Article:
Jelly, a name now almost as synonymous with basketball as it is with peanut butter, has taken the world by storm. A viral basketball movement that was started by Minnesota PG Isaiah Washington, starting the move because he was too short to dunk, consists of laying the ball in to the basket in a dramatic fashion. With each athlete having his own special twist on the “Jelly”, Seton Hall Freshman PG Jordan “Jelly” Walker was one of the other founders of the “Jelly”.
Many know Jelly for his viral NYC Point Guard battles at Dyckman park, or his acrobatic hoops mixtapes videos that are plastered all over YouTube. But what many people don’t know is Jelly’s freshman season has been less than perfect.
The season for Jelly started off on a great note. During Seton Hall’s exhibition games this season that were played in the Historic Walsh Gym, an on-campus 2,000 seat arena on Seton Hall’s campus, Jelly’s proved that he can electrify the crowd just as Hall fans were promised.
With a series of acrobatic dribbles and flashy passes, the crowd exploded and Seton Hall fans fell in love with Jordan and could see great things for years to come. But things don’t go according to plan.
In the next few games after the exhibition, Jelly had a lingering thumb injury that had him sidelined. All these games (Rider, NJIT, St. Peters) are times Jelly could have gained some valuable on-court experience, leading the coaches to trust him more running the offense.
When he came back on December 16th for the Garden State Hardwood Classic against Rutgers, Jordan was ready to prove himself. Jordan, a Jersey native, knew that this was a moment to prove himself in front of hometown crowd excited to see him succeed. But during the game Jordan saw 0 minutes in a surprising Seton Hall loss to Rutgers.
Directly after the game, reports came out saying that Jordan Walker will be walking away from the Seton Hall Basketball program. This decision was made behind closed doors and was seemingly an emotional choice made by Walker. Seton Hall fans wanted answers on why their freshman guard who was seemingly so passionate about the University would just walk away.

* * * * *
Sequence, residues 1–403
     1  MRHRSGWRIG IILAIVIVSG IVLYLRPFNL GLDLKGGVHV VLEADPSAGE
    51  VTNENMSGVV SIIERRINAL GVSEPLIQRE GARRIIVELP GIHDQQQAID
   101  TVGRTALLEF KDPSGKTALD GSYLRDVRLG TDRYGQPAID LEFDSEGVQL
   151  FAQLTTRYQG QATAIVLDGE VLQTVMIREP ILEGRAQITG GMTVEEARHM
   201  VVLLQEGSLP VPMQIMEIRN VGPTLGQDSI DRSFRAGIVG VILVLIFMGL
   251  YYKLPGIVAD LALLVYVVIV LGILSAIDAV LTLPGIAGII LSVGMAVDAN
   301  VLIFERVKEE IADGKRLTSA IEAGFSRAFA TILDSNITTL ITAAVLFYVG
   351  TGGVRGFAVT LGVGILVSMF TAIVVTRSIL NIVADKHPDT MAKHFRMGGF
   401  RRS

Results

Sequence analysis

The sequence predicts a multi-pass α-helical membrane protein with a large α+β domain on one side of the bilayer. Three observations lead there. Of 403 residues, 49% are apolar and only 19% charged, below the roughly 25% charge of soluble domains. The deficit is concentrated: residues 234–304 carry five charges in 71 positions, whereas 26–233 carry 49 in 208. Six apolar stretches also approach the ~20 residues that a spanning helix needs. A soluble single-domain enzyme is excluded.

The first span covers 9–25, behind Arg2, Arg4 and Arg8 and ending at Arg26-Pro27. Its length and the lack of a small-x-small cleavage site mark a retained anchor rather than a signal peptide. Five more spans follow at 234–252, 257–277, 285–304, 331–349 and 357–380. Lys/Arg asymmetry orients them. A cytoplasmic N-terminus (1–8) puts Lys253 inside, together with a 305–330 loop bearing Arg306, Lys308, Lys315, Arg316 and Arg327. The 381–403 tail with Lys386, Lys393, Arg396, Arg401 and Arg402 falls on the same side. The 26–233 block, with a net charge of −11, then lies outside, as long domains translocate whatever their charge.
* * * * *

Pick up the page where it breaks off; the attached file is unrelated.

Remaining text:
Questions about his grades and attitude towards the coaching staff arose, which some have been considered true, while other accusations were just fabrications made by members of the media. As I see it, this was just Jordan’s undeniable passion pushing through. He loves being a Pirate and wants to contribute to this team so bad. He knows that he’s a player that can make a difference, and not being given that chance really got to him.
His electric attitude and unbelievably gritty press defense is something that could have really helped Seton Hall against Rutgers. After the reports came out, the team and coach Willard spoke with Jordan and gave him the option to stay, or to walk right out the door. Jordan elected to stay, and has since been an asset to the Pirates when they need a spark off the bench. He backs up Khadeen Carrington, and provides stability and ball control at the top of the key, something that has been noted as a weakness for the Pirates.
All was going well until the January 31st game against Providence, which was Jelly’s second straight game with no minuets. This allegedly lead to an altercation between his teammates when Jordan tried to walk away from the team during the traditional singing of the Seton Hall alumna mater, an event that every player participates in after each game.
However, no reports have come out yet about the altercation since. When Willard was asked why he chose to go with Sophomore combo guard Eron Gordon at the backup point guard role, he offered a simple explanation. “”Eron Gordon gives us a very calming influence out there, plus his size defensively right now is a little bit better,” said Willard. “He’s just a little bit simpler on offense — and that’s something with the minutes those guys (reserves) are getting, we need.”
For Seton Hall fans, hopefully this all blows over. But as of right now, they will just have to wait for Jelly to give that fire and passion the next time he sees the court.